·  by Brad West   ·  

COVID-19 and Anxiety

Anxiety is a normal reaction to uncertainty and things that may harm us. For many of us, the coronavirus and the COVID-19 illness make for a very uncertain future. People worry about their own health and the health of their loved ones.

Anxiety is a normal and expected reaction to the pandemic, too much anxiety can cause harm. Feeling stressed and fearful every day can very quickly take a toll on your health and well-being. When anxiety and fear lead to panic, people may also take precautions that ultimately cause disruptions in their lives. Examples of this can be demanding medical tests or medical care when it is not necessary or stockpiling supplies to the point that those supplies aren't available to people who are sick and need those items.

Anxiety can also cause the opposite reaction: denying or refusing to believe that the situation is serious. When people deny the severity of a situation in order to avoid anxiety, they may do nothing or they may ignore public health orders or recommendations from health authorities.

Our levels of anxiety will always fluctuate but somewhere in the middle is what works the best for us. Coronavirus and the COVID-19 illness are serious and we should be concerned about the situation. You can use that concern to take positive and protective actions—things like practicing good hygiene, staying home when you feel sick, and having a plan in case you need to self-isolate.

It's important to be informed, but constantly checking for updates or reading sensationalized stories can really take a toll on your mental health. Stick to trusted, verified news sources and limit yourself if social media or news stories increase your anxiety.

Some people find it helpful to talk through anxiety-provoking situations like coronavirus and the COVID-19 illness, but others may find that conversations make their anxiety worse. If you need to limit conversations, it's okay to tell family, friends, and co-workers that you can't participate. Just make sure you don't ignore all news and important messages—the goal is to take in the information you need and cut down on the excess, not ignore the situation altogether.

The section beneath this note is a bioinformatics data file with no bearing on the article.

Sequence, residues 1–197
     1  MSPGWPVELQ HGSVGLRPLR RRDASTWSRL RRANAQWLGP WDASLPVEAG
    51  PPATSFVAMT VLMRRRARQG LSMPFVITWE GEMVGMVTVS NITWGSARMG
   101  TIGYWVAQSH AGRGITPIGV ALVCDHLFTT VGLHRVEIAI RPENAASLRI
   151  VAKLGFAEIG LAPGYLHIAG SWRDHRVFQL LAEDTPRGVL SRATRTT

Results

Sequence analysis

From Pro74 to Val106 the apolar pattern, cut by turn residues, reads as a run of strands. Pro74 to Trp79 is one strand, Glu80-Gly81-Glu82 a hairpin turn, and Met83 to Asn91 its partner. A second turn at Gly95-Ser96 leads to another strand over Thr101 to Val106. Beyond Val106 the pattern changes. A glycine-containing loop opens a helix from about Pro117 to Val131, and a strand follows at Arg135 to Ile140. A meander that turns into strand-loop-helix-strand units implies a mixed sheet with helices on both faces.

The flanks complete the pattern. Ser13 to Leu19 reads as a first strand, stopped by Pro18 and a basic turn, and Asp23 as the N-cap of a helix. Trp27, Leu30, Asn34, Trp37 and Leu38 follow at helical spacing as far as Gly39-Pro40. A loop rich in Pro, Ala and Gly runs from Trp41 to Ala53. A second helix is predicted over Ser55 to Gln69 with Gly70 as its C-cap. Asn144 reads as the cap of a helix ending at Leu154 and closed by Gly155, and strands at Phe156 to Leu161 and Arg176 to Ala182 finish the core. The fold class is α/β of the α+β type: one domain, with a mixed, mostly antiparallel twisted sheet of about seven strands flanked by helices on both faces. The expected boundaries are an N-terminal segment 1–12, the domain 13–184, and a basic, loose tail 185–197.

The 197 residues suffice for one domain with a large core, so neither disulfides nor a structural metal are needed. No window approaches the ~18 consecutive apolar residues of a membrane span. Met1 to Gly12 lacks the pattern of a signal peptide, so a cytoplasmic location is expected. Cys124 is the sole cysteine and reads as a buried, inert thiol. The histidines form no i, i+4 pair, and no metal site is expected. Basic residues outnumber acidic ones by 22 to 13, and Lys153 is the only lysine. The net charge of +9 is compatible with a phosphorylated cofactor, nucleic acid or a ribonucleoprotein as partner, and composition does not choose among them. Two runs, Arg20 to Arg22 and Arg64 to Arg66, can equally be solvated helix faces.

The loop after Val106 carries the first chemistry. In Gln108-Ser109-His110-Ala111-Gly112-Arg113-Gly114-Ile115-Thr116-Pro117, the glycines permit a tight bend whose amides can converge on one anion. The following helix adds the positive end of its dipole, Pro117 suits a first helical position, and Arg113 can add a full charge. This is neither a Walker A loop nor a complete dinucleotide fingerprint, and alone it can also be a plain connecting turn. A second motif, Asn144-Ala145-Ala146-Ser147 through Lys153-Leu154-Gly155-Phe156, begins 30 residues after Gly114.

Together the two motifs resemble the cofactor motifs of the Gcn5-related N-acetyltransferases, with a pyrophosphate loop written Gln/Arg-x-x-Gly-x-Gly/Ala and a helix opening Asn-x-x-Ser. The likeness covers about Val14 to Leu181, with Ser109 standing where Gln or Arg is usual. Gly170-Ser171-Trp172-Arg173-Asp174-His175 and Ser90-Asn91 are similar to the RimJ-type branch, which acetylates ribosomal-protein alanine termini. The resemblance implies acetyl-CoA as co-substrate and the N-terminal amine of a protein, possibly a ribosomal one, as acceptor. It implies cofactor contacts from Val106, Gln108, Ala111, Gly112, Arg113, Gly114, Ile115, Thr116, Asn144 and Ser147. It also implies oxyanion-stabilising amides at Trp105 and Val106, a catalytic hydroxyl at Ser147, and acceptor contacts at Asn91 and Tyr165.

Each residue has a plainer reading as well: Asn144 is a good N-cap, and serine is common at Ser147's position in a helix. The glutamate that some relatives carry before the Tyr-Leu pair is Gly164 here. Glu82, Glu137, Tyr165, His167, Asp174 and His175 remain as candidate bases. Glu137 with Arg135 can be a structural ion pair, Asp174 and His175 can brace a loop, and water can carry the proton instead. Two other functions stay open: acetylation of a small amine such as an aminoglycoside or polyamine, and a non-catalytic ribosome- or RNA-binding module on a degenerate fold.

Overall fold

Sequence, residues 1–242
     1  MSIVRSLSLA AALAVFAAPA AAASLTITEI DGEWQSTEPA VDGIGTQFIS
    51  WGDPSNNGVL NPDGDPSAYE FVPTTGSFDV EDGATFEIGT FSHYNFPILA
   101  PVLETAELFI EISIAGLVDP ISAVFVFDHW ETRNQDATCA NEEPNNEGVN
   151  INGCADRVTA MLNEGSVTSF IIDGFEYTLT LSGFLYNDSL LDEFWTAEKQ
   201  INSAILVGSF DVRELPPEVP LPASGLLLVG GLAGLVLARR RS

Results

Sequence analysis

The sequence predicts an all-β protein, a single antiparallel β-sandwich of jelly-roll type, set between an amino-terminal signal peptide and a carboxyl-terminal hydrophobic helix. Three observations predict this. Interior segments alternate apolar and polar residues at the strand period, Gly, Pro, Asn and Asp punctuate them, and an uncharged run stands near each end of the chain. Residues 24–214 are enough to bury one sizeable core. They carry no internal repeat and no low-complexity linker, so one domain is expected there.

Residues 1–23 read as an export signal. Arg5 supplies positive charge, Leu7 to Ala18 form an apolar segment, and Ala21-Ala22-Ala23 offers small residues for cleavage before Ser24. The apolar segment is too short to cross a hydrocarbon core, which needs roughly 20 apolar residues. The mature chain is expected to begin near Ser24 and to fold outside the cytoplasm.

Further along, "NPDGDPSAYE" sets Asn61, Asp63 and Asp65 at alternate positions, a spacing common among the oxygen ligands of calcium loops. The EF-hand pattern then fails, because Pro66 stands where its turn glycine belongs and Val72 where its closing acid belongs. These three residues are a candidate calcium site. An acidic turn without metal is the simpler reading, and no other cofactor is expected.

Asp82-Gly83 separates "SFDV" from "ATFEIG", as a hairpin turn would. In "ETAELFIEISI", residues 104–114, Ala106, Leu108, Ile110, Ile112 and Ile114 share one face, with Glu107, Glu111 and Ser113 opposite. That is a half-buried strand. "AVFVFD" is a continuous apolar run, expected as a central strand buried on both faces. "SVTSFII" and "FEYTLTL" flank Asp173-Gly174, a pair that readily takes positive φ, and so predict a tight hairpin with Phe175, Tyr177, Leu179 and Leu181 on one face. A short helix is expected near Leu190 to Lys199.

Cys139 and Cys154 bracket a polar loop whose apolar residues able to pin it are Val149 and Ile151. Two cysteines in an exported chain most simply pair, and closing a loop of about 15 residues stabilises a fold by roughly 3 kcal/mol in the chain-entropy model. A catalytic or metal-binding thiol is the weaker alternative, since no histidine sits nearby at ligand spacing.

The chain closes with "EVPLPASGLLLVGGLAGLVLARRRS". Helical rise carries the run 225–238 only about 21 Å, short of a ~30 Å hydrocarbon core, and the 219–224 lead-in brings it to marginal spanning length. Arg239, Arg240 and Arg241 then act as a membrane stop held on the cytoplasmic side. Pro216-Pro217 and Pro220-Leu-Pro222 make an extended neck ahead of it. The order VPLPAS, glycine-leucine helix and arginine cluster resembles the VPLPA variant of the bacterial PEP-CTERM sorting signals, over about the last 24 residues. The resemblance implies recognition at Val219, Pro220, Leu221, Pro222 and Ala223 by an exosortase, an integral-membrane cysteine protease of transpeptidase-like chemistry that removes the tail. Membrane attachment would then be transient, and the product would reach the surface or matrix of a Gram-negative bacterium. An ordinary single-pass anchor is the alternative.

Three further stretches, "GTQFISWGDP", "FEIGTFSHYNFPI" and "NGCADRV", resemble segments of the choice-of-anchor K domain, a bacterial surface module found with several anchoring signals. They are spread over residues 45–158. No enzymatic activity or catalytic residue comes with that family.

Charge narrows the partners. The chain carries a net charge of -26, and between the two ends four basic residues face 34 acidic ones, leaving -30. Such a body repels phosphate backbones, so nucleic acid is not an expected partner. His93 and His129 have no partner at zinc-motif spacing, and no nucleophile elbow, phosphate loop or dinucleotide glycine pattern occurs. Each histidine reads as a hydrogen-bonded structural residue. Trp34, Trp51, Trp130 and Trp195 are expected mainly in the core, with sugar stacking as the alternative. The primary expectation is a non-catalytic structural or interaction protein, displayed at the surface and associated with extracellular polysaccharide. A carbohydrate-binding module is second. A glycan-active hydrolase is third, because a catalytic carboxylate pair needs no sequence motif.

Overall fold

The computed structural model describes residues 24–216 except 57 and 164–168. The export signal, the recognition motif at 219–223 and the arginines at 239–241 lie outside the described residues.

The coronavirus and COVID-19 illness situation changes often. Look to trusted organizations and agencies like your Provincial or Territorial Government sites, Government of Canada and the World Health Organization for information about steps you can take to reduce your risk of getting sick or passing the illness on to others. See the following links for up-to-date information on protecting yourself and staying safe:

www.bccdc.ca

www.albertahealthservices.ca

www.saskhealthauthority.ca

www.gov.mb.ca/covid19

www.yukon.ca/covid-19

www.gov.nt.ca/en/covid-19-general

www.gov.nu.ca/health/information/covid-19-novel-coronavirus

www.canada.ca/en/public-health/services/diseases/coronavirus-disease-covid-19

www.who.int/health-topics/coronavirus

If you are more vulnerable to the coronavirus or are in contact with others who may be vulnerable, talk to your doctor or care team about any additional measures to take based on your own situation.

People who are more vulnerable to coronavirus and the COVID-19 illness may have to take extra precautions or isolate themselves more than others. Ask friends, family members, or neighbours if they need anything, such as groceries or other household needs. Simply checking in regularly by phone, text, or video call can make a big difference.

Isolating yourself from others, such as working from home for longer periods of time, can affect your mood. Find ways to connect with people you care about in other ways. If you can't see someone in person, you can still reach out by phone, text, or video call.

Some things we can do to take care of ourselves, eat as well as possible, exercise regularly, get enough sleep, and make time for hobbies.

It's hard to predict exactly what will happen next. People feel anxious about the future at the best of times, and many people have never encountered a pandemic like this before. It's okay if you need help.

Here are some signs you might benefit from extra help and support:

You can't think about anything other than coronavirus or the COVID-19 illness

Your anxiety interferes in your daily life—for example, you have a hard time going to work or being in public spaces even when the risk is very low

You isolate yourself from others when it isn't necessary

You feel hopeless or angry about the situation

You have a hard time eating or sleeping well

You experience physical symptoms like frequent headaches or an upset stomach

 

You can find self-management strategies for anxiety from Anxiety Canada at:

www.anxietycanada.com

MindShift app

More resources

Canadian Mental Health

www.cmha.ca

Or the Provincial Mental Health Associations websites

www.mentalhealthcommission.ca

www.mdsc.ca

bouncebackbc.ca

 

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